Is This Google Chrome Problem A New Reason To Switch To Firefox?

March 12 16:11 2020 Print This Article

Google’s Chrome browser still dominates the market, with over 2 billion users. But Chrome has come under increasing scrutiny over recent months, with some even ditching it altogether in favor of privacy-focused alternatives such as Firefox.

Today, if you are a Google Chrome user, you could have another reason to switch. According to esteemed tech site The Register, Google has retracted a claim that an identifier it uses internally to track experimental features and variations in Chrome doesn’t contain personally identifiable information.

Personally identifiable information is data that could reveal who you are, such as your full name, social security number, or passport number. Due to its value to you as an individual, this information is safeguarded under regulation such as the EU General Data Protection Regulation (GDPR).

Google’s X-client-data header–a unique identifier?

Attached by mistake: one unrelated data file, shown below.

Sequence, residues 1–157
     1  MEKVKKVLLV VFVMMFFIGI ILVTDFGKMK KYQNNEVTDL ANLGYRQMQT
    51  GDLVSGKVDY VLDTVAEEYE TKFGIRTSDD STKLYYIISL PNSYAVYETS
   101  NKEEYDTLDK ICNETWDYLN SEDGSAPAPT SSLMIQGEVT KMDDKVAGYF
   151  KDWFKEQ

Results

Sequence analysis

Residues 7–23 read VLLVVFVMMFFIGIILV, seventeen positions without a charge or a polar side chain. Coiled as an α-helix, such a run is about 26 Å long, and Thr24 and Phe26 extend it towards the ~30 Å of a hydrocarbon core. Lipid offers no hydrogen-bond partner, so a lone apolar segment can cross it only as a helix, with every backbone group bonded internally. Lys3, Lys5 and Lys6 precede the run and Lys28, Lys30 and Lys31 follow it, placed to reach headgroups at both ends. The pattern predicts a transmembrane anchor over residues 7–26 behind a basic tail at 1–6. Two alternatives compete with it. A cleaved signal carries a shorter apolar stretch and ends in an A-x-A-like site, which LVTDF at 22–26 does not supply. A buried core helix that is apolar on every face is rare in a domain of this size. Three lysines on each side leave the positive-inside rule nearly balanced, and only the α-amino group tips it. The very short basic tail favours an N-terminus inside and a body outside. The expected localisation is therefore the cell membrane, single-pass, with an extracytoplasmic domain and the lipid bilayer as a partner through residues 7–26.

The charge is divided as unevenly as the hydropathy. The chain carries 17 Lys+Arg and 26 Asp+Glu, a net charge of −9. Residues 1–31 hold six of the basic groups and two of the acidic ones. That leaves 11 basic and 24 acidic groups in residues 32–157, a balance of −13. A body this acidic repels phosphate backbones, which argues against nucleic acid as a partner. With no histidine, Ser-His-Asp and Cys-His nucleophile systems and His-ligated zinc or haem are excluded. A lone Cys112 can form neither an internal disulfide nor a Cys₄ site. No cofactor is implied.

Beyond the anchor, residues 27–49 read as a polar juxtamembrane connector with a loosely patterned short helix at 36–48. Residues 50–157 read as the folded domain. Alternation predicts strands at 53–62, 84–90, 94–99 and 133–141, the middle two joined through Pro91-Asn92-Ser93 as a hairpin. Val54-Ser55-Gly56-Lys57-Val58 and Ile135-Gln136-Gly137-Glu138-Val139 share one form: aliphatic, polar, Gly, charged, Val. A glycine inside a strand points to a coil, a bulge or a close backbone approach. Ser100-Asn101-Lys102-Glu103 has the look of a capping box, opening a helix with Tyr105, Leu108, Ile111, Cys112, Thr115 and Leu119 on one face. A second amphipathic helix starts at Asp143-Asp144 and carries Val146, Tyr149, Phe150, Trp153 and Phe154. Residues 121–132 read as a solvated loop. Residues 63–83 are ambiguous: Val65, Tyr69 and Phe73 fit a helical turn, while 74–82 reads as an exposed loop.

The news that Google has removed the claim follows an investigation by the Register in February, after a software developer challenged a Google engineer in a GitHub Issues post. The developer, Arnaud Granal, said the request header data transmitted by Chrome could be a unique identifier and as such, would be in violation of the EU’s GDPR regulation.

The X-client-data header is what Chrome sends to Google after a Google webpage has been requested. But Granal told the Register that even if you use a proxy, VPN, or Tor, Google (including DoubleClick) might be able to recognize you using the X-client-data.

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Kate OFlaherty
Kate OFlaherty

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